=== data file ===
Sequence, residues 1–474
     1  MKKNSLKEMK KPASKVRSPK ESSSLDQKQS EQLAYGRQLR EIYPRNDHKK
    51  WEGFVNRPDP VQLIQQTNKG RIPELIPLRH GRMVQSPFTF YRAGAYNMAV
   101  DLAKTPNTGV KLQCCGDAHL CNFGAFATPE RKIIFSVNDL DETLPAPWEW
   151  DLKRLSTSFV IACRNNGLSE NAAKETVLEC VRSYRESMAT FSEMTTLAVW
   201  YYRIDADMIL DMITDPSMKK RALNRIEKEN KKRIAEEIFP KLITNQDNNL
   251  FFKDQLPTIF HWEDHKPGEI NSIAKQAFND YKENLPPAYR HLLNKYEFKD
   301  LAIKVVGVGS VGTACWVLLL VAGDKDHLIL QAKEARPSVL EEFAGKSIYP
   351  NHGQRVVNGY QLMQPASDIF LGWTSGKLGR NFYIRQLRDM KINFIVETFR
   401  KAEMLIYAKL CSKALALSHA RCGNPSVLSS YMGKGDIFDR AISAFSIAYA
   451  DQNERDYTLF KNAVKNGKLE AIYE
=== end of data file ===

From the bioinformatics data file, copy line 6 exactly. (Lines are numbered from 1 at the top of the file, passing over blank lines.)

   201  YYRIDADMIL DMITDPSMKK RALNRIEKEN KKRIAEEIFP KLITNQDNNL